When preparing for a marriage, it may be worth considering drafting a prenuptial agreement with your future spouse. A common misconception is that suggesting a prenup to your partner signals distrust; contrarily, however, creating a prenup could point to how valuable the marriage is to the both of you. It is never a bad idea to have a safety net. In today’s blog, we will discuss what a prenup can do and why you might benefit from drafting one.
What Can a Prenuptial Agreement Do?
A prenuptial agreement, also called a "prenup" or “marital agreement,” is a contract that two prospective spouses sign before marriage to decide how they will handle certain issues like property division and alimony in the case of a divorce. You may want to consider getting a prenuptial agreement if:
- you want to protect your premarital assets (assets you owned before marriage) from being divided in a divorce;
- you want to protect the inheritances of children from previous relationships;
- you want to avoid the future division of your premarital business interests;
- you and your spouse want to decide ahead of time how you will divide your assets in a divorce; or
- you and your spouse want to determine whether one of you will pay alimony in the event of a divorce.
There are also many financial issues that a prenup can cover, including:
- how you will divide each spouse’s premarital assets during divorce;
- how to determine what is marital property and how to divide it if the marriage ends;
- what happens to either spouse’s employee benefit or retirement plans;
- methods for dividing mortgage debt and credit card debt in a divorce;
- whether each spouse will have life insurance, and what happens to the policy in the event of death or divorce;
- each spouse’s right to manage or control any of the couple’s property;
- which state’s law governs the court’s treatment of the agreement;
- whether each spouse must make a will to carry out the terms of the agreement;
- whether one spouse will pay the other alimony, and if so, the amount and duration; and
- any other matter that doesn’t violate the law.
Note that Colorado courts don’t allow prenuptial agreements to dictate child support or child custody. Judges need to decide what’s in each child’s best interest at the time the parents separate to establish a custody order, so they won’t allow a predetermined custody arrangement.
Keep in mind that under the law, prenuptial agreements must be in writing, so oral agreements are invalid. Each spouse must sign the contract, and it becomes effective only after the couple is married.
Enforcing a Prenup in Colorado
Colorado judges will not enforce a prenuptial agreement if the spouse challenging the agreement can prove:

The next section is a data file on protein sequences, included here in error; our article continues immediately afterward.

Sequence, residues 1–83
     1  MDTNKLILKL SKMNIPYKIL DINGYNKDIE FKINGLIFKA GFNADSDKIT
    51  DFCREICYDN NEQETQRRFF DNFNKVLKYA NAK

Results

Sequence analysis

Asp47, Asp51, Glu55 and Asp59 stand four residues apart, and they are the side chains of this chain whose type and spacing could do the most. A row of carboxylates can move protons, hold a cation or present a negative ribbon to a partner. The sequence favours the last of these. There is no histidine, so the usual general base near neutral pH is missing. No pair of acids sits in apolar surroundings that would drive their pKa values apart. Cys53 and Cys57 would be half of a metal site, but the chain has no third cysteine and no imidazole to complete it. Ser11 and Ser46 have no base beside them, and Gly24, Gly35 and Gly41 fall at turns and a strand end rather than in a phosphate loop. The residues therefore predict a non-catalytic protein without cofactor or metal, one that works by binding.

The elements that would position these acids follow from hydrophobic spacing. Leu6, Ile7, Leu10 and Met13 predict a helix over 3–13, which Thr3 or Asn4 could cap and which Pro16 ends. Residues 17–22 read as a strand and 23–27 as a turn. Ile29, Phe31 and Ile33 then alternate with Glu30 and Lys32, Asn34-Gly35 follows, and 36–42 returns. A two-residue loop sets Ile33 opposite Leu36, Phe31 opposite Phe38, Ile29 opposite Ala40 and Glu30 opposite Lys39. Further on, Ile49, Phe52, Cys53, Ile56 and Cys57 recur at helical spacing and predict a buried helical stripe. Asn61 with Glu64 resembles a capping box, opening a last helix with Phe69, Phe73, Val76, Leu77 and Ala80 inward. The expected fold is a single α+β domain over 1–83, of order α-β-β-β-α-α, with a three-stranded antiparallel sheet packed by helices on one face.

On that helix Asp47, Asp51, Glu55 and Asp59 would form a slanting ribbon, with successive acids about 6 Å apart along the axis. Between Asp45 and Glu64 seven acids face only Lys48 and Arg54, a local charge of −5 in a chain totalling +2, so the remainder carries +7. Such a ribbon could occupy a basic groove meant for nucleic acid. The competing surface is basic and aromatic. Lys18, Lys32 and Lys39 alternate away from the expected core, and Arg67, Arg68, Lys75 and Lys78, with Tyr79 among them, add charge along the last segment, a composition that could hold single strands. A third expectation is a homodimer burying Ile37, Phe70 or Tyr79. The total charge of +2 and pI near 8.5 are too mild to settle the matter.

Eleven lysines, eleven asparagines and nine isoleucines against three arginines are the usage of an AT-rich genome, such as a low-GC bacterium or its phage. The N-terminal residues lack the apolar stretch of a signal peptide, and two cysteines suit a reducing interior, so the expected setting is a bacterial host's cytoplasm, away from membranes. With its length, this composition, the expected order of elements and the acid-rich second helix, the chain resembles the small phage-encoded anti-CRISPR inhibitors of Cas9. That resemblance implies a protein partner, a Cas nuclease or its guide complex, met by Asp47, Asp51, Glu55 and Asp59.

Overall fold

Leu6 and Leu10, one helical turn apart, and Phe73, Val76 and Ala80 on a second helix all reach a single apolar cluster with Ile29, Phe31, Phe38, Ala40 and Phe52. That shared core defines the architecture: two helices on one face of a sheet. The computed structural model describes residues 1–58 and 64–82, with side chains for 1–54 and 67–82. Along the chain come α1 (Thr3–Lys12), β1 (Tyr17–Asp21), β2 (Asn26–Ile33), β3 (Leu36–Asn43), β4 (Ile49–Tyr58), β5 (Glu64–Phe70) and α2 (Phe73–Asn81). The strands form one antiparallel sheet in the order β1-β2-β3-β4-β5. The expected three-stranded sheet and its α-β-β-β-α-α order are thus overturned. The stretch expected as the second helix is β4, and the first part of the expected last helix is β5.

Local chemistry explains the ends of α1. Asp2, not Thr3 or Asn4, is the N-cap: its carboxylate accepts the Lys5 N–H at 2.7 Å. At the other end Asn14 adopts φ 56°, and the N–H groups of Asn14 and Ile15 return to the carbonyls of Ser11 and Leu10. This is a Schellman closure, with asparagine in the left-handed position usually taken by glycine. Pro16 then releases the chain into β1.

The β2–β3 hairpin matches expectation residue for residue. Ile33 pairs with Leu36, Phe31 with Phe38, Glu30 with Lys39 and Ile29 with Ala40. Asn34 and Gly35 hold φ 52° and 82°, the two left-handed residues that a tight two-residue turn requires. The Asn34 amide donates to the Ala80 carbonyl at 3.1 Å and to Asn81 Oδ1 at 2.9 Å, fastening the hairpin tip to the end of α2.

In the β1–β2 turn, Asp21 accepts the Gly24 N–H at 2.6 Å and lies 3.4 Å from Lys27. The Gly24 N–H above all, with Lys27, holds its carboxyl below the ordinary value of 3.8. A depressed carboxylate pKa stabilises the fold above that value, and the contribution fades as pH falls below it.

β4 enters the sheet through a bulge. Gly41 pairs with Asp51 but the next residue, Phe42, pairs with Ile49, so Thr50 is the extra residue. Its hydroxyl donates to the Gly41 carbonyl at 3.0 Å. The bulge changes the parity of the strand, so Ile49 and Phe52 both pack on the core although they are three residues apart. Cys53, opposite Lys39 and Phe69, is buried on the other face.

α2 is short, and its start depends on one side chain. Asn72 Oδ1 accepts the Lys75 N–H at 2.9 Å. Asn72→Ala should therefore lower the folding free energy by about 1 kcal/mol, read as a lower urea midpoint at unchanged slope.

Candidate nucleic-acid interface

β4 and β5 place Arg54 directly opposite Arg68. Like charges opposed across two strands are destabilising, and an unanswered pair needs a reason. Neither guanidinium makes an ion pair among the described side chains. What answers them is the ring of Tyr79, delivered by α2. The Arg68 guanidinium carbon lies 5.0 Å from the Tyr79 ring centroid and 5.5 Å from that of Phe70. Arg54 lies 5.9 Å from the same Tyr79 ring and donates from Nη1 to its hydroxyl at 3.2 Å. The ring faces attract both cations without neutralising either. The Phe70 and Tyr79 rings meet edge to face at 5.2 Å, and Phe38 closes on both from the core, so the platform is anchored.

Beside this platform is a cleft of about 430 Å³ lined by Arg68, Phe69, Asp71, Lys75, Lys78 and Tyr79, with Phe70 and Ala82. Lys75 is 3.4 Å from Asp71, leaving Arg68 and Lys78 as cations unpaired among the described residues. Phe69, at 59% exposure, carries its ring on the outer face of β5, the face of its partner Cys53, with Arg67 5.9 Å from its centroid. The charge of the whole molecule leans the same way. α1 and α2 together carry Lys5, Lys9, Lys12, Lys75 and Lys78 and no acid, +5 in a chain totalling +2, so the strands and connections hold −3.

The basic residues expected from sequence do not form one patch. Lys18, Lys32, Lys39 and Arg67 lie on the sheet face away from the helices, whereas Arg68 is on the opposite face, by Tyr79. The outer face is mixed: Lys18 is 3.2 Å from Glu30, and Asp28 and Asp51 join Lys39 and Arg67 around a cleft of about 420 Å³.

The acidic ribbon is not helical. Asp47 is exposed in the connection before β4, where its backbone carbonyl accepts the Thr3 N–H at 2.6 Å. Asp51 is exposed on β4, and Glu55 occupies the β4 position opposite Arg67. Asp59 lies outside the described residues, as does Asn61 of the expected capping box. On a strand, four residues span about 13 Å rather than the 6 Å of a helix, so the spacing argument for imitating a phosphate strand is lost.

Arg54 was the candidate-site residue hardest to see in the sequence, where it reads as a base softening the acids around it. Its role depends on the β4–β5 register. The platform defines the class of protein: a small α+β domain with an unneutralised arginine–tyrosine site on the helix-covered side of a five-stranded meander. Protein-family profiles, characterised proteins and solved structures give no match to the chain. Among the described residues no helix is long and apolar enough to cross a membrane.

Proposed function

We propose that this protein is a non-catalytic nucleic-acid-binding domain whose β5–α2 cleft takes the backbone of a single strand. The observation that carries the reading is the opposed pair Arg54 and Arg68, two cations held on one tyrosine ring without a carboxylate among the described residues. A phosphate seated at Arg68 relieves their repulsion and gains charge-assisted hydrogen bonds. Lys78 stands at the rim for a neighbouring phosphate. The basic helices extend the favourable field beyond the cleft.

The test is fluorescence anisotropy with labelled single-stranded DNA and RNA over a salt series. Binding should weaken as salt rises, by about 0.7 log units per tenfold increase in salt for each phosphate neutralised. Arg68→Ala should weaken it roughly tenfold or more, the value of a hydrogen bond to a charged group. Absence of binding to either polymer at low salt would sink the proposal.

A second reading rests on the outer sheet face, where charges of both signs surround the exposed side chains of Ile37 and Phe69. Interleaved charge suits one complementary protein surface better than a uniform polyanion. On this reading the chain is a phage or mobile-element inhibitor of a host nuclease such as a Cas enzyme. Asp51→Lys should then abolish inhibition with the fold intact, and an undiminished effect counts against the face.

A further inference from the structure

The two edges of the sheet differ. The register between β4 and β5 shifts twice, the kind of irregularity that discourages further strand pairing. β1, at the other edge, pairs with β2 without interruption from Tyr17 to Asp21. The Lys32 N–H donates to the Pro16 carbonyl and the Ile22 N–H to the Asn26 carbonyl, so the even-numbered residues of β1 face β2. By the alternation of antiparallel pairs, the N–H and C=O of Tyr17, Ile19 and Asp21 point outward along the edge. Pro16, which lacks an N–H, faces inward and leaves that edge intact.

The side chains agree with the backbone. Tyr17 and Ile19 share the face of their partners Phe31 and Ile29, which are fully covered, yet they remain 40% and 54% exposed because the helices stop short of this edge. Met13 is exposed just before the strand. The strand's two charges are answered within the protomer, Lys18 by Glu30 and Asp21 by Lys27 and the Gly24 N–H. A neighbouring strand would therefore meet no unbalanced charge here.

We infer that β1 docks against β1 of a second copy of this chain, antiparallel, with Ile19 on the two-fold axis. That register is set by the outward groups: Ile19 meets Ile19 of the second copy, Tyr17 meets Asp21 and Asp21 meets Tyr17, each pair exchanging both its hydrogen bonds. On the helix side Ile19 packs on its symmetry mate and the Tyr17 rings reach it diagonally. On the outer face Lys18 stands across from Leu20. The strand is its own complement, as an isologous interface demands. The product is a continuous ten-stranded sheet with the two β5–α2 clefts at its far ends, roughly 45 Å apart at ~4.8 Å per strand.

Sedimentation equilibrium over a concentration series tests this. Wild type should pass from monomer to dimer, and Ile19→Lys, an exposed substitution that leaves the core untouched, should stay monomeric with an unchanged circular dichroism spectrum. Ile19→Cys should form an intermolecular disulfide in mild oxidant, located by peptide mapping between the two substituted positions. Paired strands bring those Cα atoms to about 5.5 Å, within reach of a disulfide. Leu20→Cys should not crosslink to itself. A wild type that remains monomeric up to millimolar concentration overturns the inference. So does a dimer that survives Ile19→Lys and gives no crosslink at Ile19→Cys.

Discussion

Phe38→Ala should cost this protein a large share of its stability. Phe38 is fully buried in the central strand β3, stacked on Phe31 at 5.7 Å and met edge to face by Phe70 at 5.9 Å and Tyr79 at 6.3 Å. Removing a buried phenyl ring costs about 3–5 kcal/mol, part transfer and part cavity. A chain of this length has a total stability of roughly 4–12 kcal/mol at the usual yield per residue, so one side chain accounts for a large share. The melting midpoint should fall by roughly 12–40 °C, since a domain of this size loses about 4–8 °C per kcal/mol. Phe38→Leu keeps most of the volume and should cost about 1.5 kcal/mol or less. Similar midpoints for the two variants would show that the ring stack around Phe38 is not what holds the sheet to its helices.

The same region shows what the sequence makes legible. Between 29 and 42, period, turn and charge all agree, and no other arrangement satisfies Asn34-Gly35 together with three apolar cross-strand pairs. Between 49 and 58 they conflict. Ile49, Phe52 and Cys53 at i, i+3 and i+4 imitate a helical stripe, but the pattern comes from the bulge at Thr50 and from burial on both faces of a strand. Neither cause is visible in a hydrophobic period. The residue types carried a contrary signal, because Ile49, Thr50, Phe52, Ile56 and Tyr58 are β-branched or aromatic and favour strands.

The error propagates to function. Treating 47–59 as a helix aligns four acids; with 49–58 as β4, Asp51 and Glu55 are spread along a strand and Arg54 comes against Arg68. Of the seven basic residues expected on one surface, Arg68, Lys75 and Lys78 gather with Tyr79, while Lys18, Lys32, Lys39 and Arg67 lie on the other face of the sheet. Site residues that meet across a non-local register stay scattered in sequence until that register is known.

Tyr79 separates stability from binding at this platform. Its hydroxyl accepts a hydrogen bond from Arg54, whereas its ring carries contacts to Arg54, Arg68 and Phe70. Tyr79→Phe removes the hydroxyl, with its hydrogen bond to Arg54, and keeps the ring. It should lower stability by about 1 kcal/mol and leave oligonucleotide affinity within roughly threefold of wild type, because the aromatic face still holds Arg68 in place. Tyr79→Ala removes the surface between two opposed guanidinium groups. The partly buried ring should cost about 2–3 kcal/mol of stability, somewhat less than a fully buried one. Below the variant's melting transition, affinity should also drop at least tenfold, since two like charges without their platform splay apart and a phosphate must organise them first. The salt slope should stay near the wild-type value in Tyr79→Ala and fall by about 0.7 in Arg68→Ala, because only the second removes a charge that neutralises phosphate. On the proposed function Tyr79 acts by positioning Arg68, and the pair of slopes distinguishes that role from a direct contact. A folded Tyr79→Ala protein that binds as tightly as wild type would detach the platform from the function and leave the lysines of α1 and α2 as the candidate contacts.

- the spouse challenging the agreement signed the agreement involuntarily or under duress;
- the challenging spouse didn’t have access to legal representation; or
- the challenging spouse didn’t receive proper financial disclosures from the other spouse before signing the agreement.
An instance of someone being under duress could be if the other spouse used physical or psychological harm or threats to force the person to sign the agreement. Note that refusing to marry the other person unless they sign the agreement isn’t enough to constitute duress; spouses must fear for their physical or psychological safety for judges to find that they were under duress.
Proper financial disclosure means that each spouse gives the other reasonably accurate descriptions and estimates of their property, debt, and income. The best way to do this is to prepare a certified personal financial statement and attach it to the agreement for each party.
In Colorado, the law allows spouses to sign the prenuptial agreement without legal representation, but the contract must include a waiver, and judges may take the lack of an attorney into account when deciding whether the agreement is valid or unconscionable. Note that if either spouse would like to amend or revoke a prenuptial agreement, the parties must put the amendment in writing and sign it.
Seek an Attorney for Legal Guidance
If you have questions or concerns about drafting a prenuptial agreement with your partner, consult an attorney for experienced legal guidance. While a lawyer is not necessary to create a prenup, it is advisable to have one on your side to examine the terms of the agreement and ensure they are fair to you. Especially when complicated financial matters are involved, you could benefit from having an experienced lawyer who has handled many marital and prenuptial matters before.
For more information, schedule a free consultation with the Law Office of Alexandra White, P.C.